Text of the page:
David Malcolm

Naked Politics Blogger

Perhaps this is now old-fashioned thinking but when multiple people tell you that your argument is flawed, then you would think that you shouldn’t use it anymore. Boris Johnson clearly missed the memo on that one as he recently revived the much-dismissed claim that the £350m that we apparently pay into the EU will go into the NHS. Of course, you might ask why stop at that figure when the DUP gets £1 billion pounds? Could the money go to deprived areas in Wales or Cornwell instead, like most EU funding to Britain did? What about farming subsidies?

However, this raises a bigger question: After months of staying quiet, Boris Johnson suddenly talks about Brexit by using a much-dismissed claim. But why now? What’s changed?

The answer is probably much more complex but many suspect that Johnson is setting the groundwork for a fresh leadership bid. Short-term, Boris is firing a warning shot at Theresa May ahead of her speech in Florence, where she promised to give an update on Brexit negotiations. Long-term, this is setting the groundwork for Boris to finally become Prime Minister and fulfil his lifelong dream of running the country.

And why this phrase in particular though? Despite being thoroughly debunked, it was a compelling argument that led many people to vote for Leave. Much like Jeremy Corbyn’s promise to get rid of tuition fees, it’s hard to argue against without looking cold-hearted and presents a utopian vision of a different world. Boris is still banking on the idea that Brexit will be a success and that he will be the visionary that can lead Britain to a better future. In his mind, he is backed up by many in his own party and 17 million people who need him as a leader for Brexit to truly succeed. Meanwhile, a weakened Theresa May can’t fire him simply because he will be more dangerous as a backbencher than a cabinet minister. Whatever the outcry of Boris breaking ranks, he’s safe as Foreign Secretary for now.

For the more cynical, Johnson is worried about the state of negotiations and is probably starting to realise that no matter what happens, Brexit isn’t going to be a roaring success. He’s worried that Theresa May is going to make concessions, supported by several key players. Judging by David Davis’ words and actions, he’s right to be worried. If he wants to be leader, Johnson needs to shore up his legitimacy and he’s doing the same thing Theresa May did when she became Prime Minister: using the referendum as a symbol of legitimacy.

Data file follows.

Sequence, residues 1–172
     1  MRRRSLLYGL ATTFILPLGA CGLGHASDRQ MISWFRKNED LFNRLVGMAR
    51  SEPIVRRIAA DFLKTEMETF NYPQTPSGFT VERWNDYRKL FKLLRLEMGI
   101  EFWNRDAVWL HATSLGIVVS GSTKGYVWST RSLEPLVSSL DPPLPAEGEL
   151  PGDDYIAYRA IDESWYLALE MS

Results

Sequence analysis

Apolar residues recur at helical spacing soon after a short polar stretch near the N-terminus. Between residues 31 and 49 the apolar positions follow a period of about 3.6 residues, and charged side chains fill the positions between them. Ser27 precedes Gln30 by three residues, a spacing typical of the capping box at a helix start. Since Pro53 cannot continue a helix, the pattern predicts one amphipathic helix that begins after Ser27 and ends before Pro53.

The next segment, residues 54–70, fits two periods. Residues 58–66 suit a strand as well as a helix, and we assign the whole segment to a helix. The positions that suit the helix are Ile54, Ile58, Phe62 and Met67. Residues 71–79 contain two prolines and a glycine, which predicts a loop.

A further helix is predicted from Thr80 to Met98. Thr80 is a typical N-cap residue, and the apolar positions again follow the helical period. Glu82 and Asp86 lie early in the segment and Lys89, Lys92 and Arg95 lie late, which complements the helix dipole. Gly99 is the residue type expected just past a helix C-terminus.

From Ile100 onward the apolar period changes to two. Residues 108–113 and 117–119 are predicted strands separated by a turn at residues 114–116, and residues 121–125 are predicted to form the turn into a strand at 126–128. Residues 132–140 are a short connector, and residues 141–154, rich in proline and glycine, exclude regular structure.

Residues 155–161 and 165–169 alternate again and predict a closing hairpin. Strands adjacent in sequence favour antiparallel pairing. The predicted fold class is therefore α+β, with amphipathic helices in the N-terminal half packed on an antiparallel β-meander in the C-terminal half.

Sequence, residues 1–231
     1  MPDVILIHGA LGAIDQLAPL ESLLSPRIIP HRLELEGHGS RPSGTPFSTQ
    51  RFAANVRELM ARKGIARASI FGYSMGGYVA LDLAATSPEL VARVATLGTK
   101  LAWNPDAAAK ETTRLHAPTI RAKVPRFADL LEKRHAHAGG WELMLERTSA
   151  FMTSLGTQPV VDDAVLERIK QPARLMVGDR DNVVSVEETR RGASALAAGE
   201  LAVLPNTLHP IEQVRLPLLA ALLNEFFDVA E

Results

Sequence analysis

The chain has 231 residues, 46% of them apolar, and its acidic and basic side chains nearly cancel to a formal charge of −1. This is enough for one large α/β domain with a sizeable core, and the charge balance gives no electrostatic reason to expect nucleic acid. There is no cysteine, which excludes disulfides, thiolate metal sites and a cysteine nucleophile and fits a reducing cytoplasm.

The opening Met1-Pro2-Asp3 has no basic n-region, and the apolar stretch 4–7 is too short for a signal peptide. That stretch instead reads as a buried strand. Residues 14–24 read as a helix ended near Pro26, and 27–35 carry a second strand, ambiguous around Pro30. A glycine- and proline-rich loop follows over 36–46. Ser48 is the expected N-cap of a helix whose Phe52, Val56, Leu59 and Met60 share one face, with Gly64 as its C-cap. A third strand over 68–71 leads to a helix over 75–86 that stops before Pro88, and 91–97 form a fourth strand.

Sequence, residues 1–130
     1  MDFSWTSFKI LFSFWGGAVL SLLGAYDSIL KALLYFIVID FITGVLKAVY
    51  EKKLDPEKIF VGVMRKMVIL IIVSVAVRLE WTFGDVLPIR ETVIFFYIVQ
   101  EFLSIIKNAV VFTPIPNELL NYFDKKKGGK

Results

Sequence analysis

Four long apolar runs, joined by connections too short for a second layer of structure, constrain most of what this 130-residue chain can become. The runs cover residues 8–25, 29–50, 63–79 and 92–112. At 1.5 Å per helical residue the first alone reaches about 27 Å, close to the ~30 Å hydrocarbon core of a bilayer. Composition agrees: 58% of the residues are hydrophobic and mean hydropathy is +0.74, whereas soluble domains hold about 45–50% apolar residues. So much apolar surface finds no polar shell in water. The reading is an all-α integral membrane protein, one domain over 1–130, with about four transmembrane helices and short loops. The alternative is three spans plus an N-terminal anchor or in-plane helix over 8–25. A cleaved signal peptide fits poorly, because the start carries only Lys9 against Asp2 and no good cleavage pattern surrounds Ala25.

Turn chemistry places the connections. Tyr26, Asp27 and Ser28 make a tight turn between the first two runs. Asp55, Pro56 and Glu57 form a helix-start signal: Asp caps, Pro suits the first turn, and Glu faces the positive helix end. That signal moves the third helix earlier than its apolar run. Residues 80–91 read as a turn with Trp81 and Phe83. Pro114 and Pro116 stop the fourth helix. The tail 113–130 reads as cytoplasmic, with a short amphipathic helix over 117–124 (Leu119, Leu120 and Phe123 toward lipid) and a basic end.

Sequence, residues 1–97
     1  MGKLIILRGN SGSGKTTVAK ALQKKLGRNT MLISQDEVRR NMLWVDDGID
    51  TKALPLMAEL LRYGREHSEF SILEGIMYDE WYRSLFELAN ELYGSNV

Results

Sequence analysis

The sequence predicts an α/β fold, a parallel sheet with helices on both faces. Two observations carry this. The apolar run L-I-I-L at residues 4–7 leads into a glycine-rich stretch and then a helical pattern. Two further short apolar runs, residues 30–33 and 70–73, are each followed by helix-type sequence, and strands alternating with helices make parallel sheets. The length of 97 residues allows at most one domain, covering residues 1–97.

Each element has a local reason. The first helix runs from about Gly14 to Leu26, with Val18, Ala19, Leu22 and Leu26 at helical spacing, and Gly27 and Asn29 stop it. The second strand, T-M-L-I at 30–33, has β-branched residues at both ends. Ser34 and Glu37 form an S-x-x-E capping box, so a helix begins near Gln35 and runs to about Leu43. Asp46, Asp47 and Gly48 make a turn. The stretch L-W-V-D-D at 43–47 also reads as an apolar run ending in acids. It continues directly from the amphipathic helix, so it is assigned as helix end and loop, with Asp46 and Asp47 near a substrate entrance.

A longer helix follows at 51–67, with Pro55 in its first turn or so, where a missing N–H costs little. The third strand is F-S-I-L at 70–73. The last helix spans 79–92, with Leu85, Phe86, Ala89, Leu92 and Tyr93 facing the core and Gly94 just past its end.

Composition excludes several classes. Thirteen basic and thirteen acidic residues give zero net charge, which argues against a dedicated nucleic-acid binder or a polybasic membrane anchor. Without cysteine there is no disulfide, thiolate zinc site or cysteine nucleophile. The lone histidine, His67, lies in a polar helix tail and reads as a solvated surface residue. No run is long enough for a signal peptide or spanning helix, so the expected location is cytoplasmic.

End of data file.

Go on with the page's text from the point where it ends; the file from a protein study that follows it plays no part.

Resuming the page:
It’s hard to say how well his leadership bid will work. His £350m to the NHS claim was already shot through by Nigel Farage, another arch-Brexiteer on the morning of the result. In fact, it is very telling that even since the referendum, many like Farage and David Davis have distanced themselves from the Foreign Secretary. To this day, the government has never moved to promise that the NHS would get that money. Whether it’s due to the new ‘investment’ into Northern Ireland remains to be seen.

Boris has as many obstacles to power as he has enemies. Despite his popularity amongst ordinary Leave voters, many have found alternative candidates in David Davis and Jacob Rees-Mogg who have stolen his spotlight. Many MPs consider him to be divisive in and out of the party and his ascensions may turn the EU fully against Britain. With Theresa May, the EU is at least pretending to be sympathetic, but with Johnson, they won’t be so willing to play nice against one of their biggest, and most delusional, critics.

Even if he becomes leader, his buffoonery, background and Brexit stance will play against him in the election. The things that made him popular with common folk will be ruthlessly exploited and his arguments that Labour’s Brexit position is inadequate can be neatly countered by the current state of Brexit negotiations, his own ‘whoopers’ and the disarray of his party. Corbyn’s calm, serious demeanour against Johnson’s nervous excitement and often baffling turn of phrase will provide a clearer choice than last time.

On top of that, 17 million people may have voted for Brexit but Theresa May’s focus on Brexit failed to win her a bigger majority in the election and led to a slashed majority and humiliating concessions during negotiations. The shocking turn of events last June has left the Conservatives in mortal dread of losing another election which they’d have to call with a new leader at the helm.

Brexit is the wind in Johnson’s sails, but as his former boss will tell you, a risky gamble doesn’t always pay off.

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Last Update: April 22, 2018